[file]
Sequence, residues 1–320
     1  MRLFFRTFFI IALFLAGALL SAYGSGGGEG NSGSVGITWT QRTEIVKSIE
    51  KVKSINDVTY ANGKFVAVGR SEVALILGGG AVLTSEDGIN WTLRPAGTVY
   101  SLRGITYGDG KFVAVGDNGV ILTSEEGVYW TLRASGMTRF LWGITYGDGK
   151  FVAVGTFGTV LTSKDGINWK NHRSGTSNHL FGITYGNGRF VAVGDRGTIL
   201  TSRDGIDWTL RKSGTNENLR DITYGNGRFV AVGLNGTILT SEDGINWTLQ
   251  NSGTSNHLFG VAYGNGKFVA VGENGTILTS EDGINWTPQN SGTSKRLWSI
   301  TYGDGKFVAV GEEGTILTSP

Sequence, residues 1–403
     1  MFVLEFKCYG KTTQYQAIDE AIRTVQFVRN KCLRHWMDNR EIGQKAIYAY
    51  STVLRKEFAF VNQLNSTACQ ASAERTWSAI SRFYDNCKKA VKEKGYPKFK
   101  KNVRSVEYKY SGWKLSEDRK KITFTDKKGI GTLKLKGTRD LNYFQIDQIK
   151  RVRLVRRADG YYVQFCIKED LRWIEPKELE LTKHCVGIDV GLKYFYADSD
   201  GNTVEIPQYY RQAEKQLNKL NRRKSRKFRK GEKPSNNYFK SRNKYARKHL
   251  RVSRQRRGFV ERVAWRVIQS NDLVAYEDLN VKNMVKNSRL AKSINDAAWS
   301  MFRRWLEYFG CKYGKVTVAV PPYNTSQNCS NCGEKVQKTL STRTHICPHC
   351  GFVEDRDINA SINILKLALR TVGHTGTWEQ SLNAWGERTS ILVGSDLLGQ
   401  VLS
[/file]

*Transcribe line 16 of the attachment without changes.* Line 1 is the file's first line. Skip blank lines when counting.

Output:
   301  MFRRWLEYFG CKYGKVTVAV PPYNTSQNCS NCGEKVQKTL STRTHICPHC